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I feel that I am not utilizing all the features of delegates/events available in .NET 3.5 and beyond. And more or less still using delegates power available in 2.0. I would appreciate if you tell me how delegates/events should be used now, tricks, short-cuts.



Jon suggested his publication on this subject, and I am posting here for easier navigations:

A few of my articles which may be relevant:

My book, C# in Depth, has a whole chapter devoted to delegates (chapter 5). Unfortunately that's not one of the free ones :(

ps. I couldn't find a duplicate of this question but did look through many on this theme.

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3 Answers 3

up vote 6 down vote accepted

A few of my articles which may be relevant:

My book, C# in Depth, has a whole chapter devoted to delegates (chapter 5). Unfortunately that's not one of the free ones :(

The main changes in summary (as Jared said, these are language changes - .NET itself hasn't changed much beyond them becoming generic, and the framework supplying the handy Func and Action delegates):

C# 2:

  • Method group conversions:

    // Old:
    button.Click += new EventHandler(HandleClick);
    // New:
    button.Click += HandleClick;
  • Anonymous methods:

    button.Click += delegate { Console.WriteLine("Click!"); };
  • Covariance/contravariance:

    EventHandler generalHandler = LogEvent;
    button.Click += generalHandler;
    button.KeyPress += generalHandler; // Event type is KeyPressEventHandler

C# 3:

  • Lambda expressions:

    button.Click += (sender, args) => Console.WriteLine("Click!");

    or more importantly:

    var people = list.Where(person => person.Name != "Jon")
                     .OrderBy(person => person.Age);
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Unfortunate for us you mean ;) – Andrew Hare Mar 10 '09 at 18:35
Well, that depends - if a teaser chapter ended up being enough to get someone to buy the book... – Jon Skeet Mar 10 '09 at 18:36
@Jon Skeet, thanks, I have all of them print out and read more than once... looking to dark corners....DARK!!!! – Sasha Mar 10 '09 at 18:39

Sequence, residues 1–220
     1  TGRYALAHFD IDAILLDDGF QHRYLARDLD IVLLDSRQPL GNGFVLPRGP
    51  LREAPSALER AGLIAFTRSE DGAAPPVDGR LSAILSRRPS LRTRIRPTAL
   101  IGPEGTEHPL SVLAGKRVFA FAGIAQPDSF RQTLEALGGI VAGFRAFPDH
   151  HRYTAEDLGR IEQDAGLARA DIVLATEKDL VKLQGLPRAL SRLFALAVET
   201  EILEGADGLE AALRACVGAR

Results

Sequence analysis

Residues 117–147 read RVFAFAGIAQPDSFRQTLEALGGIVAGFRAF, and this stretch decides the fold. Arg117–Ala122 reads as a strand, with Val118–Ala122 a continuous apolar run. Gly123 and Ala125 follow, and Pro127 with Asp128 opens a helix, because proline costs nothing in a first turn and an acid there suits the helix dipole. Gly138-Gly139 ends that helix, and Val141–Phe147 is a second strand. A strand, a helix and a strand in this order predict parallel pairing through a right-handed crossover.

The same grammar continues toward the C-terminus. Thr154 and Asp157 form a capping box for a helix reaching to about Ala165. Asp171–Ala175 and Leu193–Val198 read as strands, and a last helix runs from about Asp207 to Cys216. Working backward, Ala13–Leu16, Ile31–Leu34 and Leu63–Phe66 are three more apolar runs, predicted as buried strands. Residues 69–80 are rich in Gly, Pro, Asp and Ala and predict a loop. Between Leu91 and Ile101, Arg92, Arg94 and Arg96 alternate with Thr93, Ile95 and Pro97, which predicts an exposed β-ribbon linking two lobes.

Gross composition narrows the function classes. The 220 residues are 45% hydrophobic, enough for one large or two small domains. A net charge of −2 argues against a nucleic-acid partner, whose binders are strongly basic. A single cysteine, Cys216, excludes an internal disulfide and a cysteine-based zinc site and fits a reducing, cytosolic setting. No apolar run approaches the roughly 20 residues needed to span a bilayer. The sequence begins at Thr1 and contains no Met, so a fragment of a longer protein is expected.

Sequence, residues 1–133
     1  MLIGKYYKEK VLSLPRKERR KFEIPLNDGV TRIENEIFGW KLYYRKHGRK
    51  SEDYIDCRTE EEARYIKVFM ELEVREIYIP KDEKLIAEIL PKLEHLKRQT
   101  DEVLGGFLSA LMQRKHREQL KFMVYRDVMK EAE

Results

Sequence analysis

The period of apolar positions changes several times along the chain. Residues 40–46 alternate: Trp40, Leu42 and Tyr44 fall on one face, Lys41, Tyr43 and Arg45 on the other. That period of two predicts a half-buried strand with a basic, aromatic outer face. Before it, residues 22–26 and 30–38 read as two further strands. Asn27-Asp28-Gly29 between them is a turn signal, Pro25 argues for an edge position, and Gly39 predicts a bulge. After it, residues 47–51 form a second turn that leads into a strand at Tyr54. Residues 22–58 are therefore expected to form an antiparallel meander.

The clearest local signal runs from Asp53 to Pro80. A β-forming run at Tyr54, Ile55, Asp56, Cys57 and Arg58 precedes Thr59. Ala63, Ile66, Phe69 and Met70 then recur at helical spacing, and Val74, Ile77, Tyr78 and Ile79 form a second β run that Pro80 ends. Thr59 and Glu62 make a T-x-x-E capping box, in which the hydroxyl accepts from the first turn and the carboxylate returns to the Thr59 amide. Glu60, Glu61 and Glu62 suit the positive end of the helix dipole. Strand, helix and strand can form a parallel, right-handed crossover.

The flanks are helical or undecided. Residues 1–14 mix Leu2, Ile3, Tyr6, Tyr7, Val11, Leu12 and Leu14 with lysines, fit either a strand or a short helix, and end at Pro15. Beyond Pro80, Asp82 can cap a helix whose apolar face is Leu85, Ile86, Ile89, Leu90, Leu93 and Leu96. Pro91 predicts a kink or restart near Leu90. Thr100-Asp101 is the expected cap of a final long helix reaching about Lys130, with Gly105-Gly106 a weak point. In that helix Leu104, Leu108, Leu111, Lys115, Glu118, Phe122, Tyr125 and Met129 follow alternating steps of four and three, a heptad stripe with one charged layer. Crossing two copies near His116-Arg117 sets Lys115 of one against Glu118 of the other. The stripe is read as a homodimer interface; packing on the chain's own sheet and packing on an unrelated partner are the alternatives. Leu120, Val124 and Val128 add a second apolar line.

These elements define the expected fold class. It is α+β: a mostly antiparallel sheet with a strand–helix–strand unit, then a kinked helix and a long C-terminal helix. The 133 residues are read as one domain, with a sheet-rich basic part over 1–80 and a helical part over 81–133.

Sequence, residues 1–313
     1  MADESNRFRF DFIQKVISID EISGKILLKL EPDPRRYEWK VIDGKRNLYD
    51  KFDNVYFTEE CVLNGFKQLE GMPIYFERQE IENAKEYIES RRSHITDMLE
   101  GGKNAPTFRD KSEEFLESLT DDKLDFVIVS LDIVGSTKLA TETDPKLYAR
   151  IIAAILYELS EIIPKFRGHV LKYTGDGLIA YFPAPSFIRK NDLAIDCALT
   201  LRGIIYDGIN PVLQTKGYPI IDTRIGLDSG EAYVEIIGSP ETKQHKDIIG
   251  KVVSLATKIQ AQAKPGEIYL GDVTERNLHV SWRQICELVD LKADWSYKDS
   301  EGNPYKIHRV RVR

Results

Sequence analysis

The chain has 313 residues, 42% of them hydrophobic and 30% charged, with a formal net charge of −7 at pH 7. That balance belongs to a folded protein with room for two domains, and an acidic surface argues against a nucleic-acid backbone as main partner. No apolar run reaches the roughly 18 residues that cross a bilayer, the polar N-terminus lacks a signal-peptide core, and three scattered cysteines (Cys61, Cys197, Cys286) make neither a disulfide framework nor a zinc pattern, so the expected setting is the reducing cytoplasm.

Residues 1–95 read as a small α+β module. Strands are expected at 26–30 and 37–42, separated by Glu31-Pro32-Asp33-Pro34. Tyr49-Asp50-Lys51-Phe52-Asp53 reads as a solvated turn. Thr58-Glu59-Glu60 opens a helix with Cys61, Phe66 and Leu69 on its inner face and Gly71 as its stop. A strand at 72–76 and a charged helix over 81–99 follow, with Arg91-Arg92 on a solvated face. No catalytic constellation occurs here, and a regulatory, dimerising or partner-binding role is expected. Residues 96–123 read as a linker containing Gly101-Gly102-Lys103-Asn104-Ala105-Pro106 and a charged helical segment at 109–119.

@Jon - A teaser chapter was enough for me :) – Andrew Hare Mar 10 '09 at 18:40
Care to elaborate your “old/new” distinction for method group conversion? I don't get it (or isn't it rather the other way round?). – Konrad Rudolph Mar 10 '09 at 18:43

Delegates didn't change at all 2.0 -> 3.5. What changed was a lot of items around them

  1. The System.Core.dll (finally) added reusable delegates in the form of Func<> and Action<>
  2. C# and VB gained a bit of a functional flavor with lambda expressions. This gave the languages very succinct syntax for expression a delegate operation. C# had anonymous methods in 2.0 but they just don't compare with the succint nature of lambda expressions

     list.Where(x => x > 42);
  3. LINQ in it's underpinnings exposes a series of APIs that operate purely on delegates.

So really delegetase haven't changed, just the uses.

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Oh yea... this is great but I already know this, just don't use it... – Sasha Mar 10 '09 at 18:40

Have you considered using delegates for quick and dirty async operations? You can call the BeginInvoke and EndInvoke methods to perform async operations on the ThreadPool.

// Definition.
delegate string TransformDelegate(string input);

// Client code.  This is some lengthy operation.  You can also
// assign a function here if you want.
TransformDelegate t = (x) => ...;

// Begin invoking.
t.BeginInvoke("input", (ar) => 
    // Call end invoke.
    string result = t.EndInvoke(ar);

    // Dispose of wait handle, known issue documented here.
    using (IDisposable d = ar.WaitHandle) { }

    // Process end result here.  Remember, on another thread now.
}, null);
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